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Kansas Seeks To Opt Out Of “No Child Left Behind”

KSCB News - February 28, 2011 8:19 am

The United States Congress is working to re-authorize the “No Child Left Behind" legislation. The federal law requires 100 percent of students to meet grade level standards by the 2013-2014 school year. Kansas, however, is ready to opt out of certain provisions.

“The current law is too punitive," said Secretary of Education, Arne Duncan. "It’s too prescriptive. "It’s led to a dummying down of standards."

The Kansas Board of Education is hopeful for stronger legislation, but is taking action now, in case that doesn’t happen this year.

"We’re hoping that they introduce a bill before Congress sometime in the next few months and if they can work it in the near future, then we will be working under new rules,” said David Dennis, Chairman of the Board of Education.

Dennis says too many Kansas schools will be sanctioned for not meeting those requirements if action is not taken soon.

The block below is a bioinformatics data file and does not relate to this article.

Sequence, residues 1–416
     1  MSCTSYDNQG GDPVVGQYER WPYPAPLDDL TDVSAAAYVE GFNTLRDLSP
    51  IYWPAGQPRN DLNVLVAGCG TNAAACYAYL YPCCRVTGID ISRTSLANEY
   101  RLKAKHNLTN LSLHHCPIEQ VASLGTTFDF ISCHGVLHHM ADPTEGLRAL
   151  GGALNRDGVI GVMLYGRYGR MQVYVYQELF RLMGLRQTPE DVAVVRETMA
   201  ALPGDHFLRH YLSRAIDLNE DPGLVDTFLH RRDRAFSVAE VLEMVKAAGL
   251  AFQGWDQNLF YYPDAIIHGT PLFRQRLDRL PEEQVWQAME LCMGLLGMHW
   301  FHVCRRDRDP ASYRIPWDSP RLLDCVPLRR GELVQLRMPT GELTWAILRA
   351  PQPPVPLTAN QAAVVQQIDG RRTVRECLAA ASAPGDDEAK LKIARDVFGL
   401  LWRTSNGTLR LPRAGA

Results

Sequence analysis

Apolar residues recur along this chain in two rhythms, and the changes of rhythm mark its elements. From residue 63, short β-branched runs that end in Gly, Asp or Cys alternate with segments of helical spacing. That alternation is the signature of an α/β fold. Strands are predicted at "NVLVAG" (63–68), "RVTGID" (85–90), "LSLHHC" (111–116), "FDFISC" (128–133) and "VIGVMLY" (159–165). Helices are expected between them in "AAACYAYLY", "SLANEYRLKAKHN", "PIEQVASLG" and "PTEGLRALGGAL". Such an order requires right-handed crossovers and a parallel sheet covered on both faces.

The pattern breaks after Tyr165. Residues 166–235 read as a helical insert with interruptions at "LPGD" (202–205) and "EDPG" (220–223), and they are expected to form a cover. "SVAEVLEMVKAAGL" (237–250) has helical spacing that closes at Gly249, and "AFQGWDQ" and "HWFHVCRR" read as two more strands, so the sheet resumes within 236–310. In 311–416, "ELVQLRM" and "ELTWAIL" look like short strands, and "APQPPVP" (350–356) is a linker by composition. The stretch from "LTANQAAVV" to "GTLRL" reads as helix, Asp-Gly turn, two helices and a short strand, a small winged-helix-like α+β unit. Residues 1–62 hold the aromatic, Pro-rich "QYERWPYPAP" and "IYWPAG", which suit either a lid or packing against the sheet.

“We know that we can never get to 100 percent," Dennis said. "You are never going to achieve 100 percent,” Dennis said. "Our schools are now devoting an awful lot of time and energy trying to chase an elusive goal.”

Under “No Child Left Behind” standards increase continuously through 2014.

Davis sent a letter to the secretary of education asking that the requirements stay at levels from last year until the state can implement Common Core Standards. Those standards would establish uniform expectations of what students should know by high school graduation.

"If we set a high enough standard to measure that growth, then we can look at the growth for every student, we can look at the growth for every school, and we can look at the growth for every district,” Dennis added.

Secretary Duncan agrees there needs to be change and is leaning toward giving states more flexibility.

We have to provide much more flexibility and get Washington off the backs of local educators that are doing a great job,” Duncan said.

The Kansas Board of Education has requested a response from the U.S. Department of Education by May.

That waiver will most likely depend on how soon legislation can be passed. Secretary Duncan is hoping legislation will be passed by August.

 

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